Legacy Media Underreports Crowds at McCain/Palin Appearances
The Anchoress has come roaring out of her online retreat with wall-to-wall political coverage. I think the Palin pick in particular re-energized her. Now she’s talking about the Daily Kos Media’s attempts to sway this election:
This might seem like small potatoes, but it comes down – again – to the press reporting one way for one candidate (“a crowd of 75,000″ comes out for Obama, but no mention of the free concert that went with his appearance) and another way (“more than 1000″ people come out for McCain in Cedarberg, WI – but people who were there say more like 12,000) for another.
It is true that 12,000 is “more than 1,000.”
At some point, media bias becomes so pervasive that it ends up helping Republicans. People are more likely to take the time to refute obvious or outrageous truths than they are the typical, low-level bias we have come to expect from the media. First of all, because it’s easier. But also because it becomes more important to do. So word-of-mouth and alternative media get a boost.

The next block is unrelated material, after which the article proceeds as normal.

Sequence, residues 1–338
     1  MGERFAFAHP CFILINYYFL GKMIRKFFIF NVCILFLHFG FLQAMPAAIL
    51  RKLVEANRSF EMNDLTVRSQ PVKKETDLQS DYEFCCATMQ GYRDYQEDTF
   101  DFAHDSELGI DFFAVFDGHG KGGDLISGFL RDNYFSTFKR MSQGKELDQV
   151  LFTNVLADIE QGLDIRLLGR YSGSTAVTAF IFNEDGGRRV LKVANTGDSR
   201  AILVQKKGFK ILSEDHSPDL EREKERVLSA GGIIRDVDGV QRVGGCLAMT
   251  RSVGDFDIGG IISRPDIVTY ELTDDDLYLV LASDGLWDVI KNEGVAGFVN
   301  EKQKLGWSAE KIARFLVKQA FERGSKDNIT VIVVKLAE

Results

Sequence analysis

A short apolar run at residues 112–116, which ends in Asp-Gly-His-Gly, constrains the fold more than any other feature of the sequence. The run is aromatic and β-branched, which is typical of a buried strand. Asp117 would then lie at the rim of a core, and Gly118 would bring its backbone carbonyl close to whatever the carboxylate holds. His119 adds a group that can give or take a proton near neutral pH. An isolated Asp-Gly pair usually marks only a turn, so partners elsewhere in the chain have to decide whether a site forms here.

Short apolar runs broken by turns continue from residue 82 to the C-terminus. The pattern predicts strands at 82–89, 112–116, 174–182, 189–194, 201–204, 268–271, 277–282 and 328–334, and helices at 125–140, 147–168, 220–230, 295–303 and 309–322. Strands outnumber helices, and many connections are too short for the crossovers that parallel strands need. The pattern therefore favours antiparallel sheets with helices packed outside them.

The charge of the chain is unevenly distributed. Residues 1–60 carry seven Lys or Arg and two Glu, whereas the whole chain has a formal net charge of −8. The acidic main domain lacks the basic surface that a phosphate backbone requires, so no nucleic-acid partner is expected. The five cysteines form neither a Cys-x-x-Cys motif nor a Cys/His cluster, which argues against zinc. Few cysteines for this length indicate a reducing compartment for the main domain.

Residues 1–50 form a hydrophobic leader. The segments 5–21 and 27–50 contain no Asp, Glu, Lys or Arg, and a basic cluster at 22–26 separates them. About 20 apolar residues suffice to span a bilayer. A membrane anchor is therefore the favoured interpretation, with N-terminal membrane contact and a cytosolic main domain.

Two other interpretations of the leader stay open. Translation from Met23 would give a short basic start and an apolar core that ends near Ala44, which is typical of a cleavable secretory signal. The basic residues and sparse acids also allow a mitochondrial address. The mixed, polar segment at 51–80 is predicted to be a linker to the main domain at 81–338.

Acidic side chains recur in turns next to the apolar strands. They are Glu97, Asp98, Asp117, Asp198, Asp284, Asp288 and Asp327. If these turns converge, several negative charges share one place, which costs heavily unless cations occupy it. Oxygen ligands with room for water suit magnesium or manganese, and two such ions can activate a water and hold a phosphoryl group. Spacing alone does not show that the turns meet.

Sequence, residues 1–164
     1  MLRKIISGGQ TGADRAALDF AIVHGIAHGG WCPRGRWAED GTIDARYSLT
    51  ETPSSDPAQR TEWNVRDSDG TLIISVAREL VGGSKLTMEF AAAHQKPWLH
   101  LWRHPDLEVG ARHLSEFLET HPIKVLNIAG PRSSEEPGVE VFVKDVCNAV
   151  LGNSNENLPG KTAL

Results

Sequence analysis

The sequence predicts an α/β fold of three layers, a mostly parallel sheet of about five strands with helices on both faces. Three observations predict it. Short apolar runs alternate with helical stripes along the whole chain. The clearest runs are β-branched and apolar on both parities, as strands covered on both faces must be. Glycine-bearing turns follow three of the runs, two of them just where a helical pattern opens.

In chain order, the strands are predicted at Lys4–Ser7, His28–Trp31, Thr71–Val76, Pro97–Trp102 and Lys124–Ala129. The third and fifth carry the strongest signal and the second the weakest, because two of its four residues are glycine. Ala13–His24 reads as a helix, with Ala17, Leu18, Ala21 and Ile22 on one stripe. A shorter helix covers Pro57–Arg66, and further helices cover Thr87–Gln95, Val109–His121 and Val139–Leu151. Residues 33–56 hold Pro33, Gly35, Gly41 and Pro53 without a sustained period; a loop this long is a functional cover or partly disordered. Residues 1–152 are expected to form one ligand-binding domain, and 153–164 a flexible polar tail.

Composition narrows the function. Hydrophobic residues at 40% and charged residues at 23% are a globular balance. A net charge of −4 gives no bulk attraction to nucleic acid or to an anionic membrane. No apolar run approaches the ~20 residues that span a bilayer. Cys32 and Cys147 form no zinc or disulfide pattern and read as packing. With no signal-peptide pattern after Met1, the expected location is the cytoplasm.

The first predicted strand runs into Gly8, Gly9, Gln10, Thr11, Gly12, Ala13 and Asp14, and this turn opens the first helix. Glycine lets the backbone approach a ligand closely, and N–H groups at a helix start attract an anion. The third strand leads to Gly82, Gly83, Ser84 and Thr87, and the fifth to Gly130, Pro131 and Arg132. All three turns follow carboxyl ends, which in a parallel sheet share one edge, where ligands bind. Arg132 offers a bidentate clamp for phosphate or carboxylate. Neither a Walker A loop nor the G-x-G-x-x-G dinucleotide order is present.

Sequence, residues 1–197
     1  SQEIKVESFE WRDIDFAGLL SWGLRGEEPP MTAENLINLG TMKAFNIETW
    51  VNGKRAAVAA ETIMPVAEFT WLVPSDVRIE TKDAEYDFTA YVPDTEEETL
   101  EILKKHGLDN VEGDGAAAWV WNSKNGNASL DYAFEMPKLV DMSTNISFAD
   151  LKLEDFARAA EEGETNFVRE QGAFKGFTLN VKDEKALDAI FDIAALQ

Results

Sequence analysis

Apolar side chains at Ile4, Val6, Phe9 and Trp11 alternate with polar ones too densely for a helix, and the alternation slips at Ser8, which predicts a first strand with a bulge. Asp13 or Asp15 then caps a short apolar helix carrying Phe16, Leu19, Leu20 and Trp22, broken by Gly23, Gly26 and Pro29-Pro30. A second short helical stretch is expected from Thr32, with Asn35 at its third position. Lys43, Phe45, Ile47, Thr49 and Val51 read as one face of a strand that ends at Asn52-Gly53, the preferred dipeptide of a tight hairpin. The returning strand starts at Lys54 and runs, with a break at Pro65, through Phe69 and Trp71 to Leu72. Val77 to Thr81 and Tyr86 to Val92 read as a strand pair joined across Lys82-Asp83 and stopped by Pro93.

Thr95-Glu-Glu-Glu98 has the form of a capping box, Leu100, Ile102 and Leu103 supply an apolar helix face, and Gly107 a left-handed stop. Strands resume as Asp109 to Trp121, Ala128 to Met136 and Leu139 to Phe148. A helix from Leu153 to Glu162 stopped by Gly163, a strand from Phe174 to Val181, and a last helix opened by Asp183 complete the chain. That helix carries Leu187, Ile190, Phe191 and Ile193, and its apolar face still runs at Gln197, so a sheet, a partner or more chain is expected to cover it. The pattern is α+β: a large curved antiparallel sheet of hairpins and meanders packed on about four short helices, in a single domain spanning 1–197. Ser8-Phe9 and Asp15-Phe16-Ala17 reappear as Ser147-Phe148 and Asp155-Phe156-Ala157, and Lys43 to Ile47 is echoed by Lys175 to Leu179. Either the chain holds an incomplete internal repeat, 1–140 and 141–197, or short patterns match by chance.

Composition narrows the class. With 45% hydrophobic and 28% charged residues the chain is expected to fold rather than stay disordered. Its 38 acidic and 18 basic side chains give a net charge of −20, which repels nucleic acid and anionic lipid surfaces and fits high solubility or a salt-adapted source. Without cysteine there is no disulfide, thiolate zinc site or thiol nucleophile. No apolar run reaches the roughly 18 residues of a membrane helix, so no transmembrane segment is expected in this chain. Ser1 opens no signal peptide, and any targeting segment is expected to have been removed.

That’s certainly been my experience this past week and the experience we’ve had here at the HQ recently. There are a lot of people out there looking for accurate information about the presidential campaigns. And I’m not just hearing the usual recycled nightly news digest from friends or at parties. I’m hearing the things that aren’t being reported in the legacy media.
For example, I was floored yesterday at a lunch when somebody countered the WaPo’s lie that Palin slashed funding for teen pregnancy centers. To my knowledge, the WaPo hasn’t retracted or corrected that story, but this person knew the truth anyway and confidently straightened out some other folks at the table.
I suppose I shouldn’t let it surprise me given the boost in our own stats and for readership in the blogosphere in general, but I’m always happy to find out that people are learning to inform themselves.
More: Wait, who really cares about how many people show up for these things? Well, actually, we all care. The “mine is bigger than yours” impulse is pretty basic. More than that, it all becomes part of the narrative.
Obama was happy to be portrayed at center stage, the matinee idol. The media was pleased to share just how popular he is. Until, the McCain campaign turned that on its head with the Celebrity ad.
On the flip side, they’d like to show that McCain is old, tired, and disliked. One way of doing that is showing that he can’t draw a crowd. That had some truth a few weeks ago. Now you and I know that just isn’t true post-Palin. But it’s probably going to take a few days for the revised DKM stylebook to be printed and passed around.